FIGURE 2. (Top) Summary of mossy cell axonal projection, as a function of septo-temporal position in the hippocampus. (Bottom) Summary of axon terminal field extents along both the septo-temporal and transverse axes of the dentate gyrus.
TABLE 1. Synaptic parameters, including numbers of synapses, synaptic weights, EPSP/IPSP magnitudes and rise/fall times, and reversal potentials.
Bioelectric Properties and Pharmacology
Biophysical parameters for each of the cell types in the model were derived from previously published experimental data and from previously published computational models of the DG (Santhakumar et al., 2005; Dyhrfjeld-Johnsen et al., 2007; Hendrickson et al., 2015). Table 2 shows both the channel distributions for the cell types, and key passive and active properties assumed for each cell type.
Synapses were modeled as mechanisms whose activation would result in a conductance change that followed a time-course approximated by the difference of two exponentials. Excitatory connections were represented as AMPA synapses while inhibitory connections were represented as GABAA receptor synapses. For simplicity, neither NMDA nor GABAB receptors were included in the model, though they will be included in the future. Initially, the rise/fall times, maximum conductances, and reversal potentials were initially adjusted to match experimental recordings of excitatory and inhibitory postsynaptic potentials (EPSPs and IPSPs) in the soma of the relevant cell types. However, these parameters resulted in an overtly synchronous network not consistent with biological recordings. An alternate optimization was performed that used the results of an experimental paradigm designed by Douglas et al. (1983) to balance the excitation and inhibition of the associational mossy cell network (see Results).
All simulations were run on a high-performance computer cluster consisting of 394 dual quad-core Intel-based nodes and 74 dual hexa-core Intel-based nodes, for a total of 4,040 processor cores. The system has 8.1 TeraB of distributed RAM, 73.1 TeraB of distributed disk space, and a maximum theoretical performance of 38.82 teraflops. All nodes are connected to a high-speed, low-latency 10G Myrinet networking backbone. These nodes are housed, maintained and monitored in facilities operated by the University of Southern California Center for High-Performance Computing and Communications (USC HPCC Center).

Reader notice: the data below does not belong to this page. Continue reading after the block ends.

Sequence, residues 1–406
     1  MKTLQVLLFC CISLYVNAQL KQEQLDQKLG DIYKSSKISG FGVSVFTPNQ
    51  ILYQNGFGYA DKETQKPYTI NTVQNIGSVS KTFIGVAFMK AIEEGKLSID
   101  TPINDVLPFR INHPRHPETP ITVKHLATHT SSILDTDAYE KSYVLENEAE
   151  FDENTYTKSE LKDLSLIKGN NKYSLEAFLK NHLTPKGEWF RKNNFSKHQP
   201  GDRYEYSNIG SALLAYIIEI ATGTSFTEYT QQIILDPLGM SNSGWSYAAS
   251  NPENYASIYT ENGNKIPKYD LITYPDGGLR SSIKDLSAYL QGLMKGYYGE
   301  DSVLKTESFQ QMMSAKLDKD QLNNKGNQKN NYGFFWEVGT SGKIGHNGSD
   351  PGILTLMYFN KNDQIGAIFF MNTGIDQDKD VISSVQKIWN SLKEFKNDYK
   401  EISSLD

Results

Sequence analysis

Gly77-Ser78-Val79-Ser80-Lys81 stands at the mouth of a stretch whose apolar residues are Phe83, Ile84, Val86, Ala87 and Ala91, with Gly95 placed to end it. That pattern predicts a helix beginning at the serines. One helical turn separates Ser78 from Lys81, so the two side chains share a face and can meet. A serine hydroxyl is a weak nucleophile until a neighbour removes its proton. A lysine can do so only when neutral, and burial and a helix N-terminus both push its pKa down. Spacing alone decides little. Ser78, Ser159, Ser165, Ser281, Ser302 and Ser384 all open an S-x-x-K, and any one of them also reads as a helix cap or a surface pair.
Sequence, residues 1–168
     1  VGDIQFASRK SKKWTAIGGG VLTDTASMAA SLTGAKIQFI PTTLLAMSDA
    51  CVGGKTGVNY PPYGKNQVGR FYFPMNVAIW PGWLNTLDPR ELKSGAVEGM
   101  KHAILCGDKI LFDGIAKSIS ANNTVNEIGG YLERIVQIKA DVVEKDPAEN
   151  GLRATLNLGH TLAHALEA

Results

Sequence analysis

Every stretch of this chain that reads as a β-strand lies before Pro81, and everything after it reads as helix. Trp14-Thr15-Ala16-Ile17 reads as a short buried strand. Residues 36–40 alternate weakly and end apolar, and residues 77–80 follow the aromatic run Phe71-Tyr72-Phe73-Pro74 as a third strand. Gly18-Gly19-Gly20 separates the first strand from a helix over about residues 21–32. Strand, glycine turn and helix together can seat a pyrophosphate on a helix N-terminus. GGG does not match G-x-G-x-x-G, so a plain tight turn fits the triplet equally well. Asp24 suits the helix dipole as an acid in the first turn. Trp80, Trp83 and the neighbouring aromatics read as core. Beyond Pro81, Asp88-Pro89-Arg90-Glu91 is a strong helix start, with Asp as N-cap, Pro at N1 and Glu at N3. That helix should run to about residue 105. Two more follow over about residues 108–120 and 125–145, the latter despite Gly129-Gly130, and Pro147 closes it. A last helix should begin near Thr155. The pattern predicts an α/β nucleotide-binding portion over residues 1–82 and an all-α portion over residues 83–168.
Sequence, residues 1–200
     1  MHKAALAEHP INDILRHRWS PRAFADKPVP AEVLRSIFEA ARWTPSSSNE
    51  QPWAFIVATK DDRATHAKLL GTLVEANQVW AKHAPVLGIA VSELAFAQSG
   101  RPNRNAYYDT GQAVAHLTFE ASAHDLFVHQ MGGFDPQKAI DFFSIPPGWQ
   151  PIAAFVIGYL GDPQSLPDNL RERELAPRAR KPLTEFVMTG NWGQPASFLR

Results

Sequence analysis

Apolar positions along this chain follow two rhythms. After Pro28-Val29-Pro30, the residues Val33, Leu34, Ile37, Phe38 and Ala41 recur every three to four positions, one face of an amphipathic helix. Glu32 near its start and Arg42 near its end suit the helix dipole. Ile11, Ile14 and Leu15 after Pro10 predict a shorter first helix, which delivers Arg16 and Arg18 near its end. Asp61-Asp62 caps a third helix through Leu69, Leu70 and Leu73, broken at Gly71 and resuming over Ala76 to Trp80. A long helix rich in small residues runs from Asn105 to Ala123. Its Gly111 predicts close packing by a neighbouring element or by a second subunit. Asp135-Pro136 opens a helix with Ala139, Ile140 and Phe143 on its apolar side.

Granule Cell Response to Random Entorhinal Input: Firing in Spatio-temporal “Clusters”
Initial simulations of granule cell network dynamics to EC input involved both medial and lateral entorhinal (MEC and LEC) neurons firing in a Poisson fashion with a mean frequency of 3.0 Hz, slowly accelerated from 0.0 Hz (by design) over the course of the first 1,000 ms of the simulation. This was performed as a means to reduce what was observed in preliminary studies to be a strong transient response of the system to a step function input if EC input was allowed to start at maximum from zero. The transient response of the network was oscillatory, and the ramping input was a means to mitigate that effect. Four seconds (4.0 s) of neural time were simulated for all conditions presented here. Simulation results with a one million granule cell population revealed that despite continued Poisson EC input, granule cells discharged in a decidedly non-random, non-uniform manner. As shown in Figure 3 (top), granule cells throughout the entire longitudinal extent of the DG fired in spatio-temporal “clusters,” i.e., local regions of spatio-temporally dense activity. The clusters are organized in irregular patterns persisting for approximately 50–100 ms and separated by periods of lower density activity lasting 50–75 ms. The appearance of clustered spiking in response to Poisson EC input was not specific to million-granule cell populations, but was equally apparent for simulations involving 100 k granule cells as well (Figure 3, bottom). Despite the presence of spatio-temporal clusters at both scales, though, there were some differences in network activity. At the million-cell scale, there was more intra-cluster activity in the granule cell population, and sparser basket cell activity, than appeared in the 100 k results.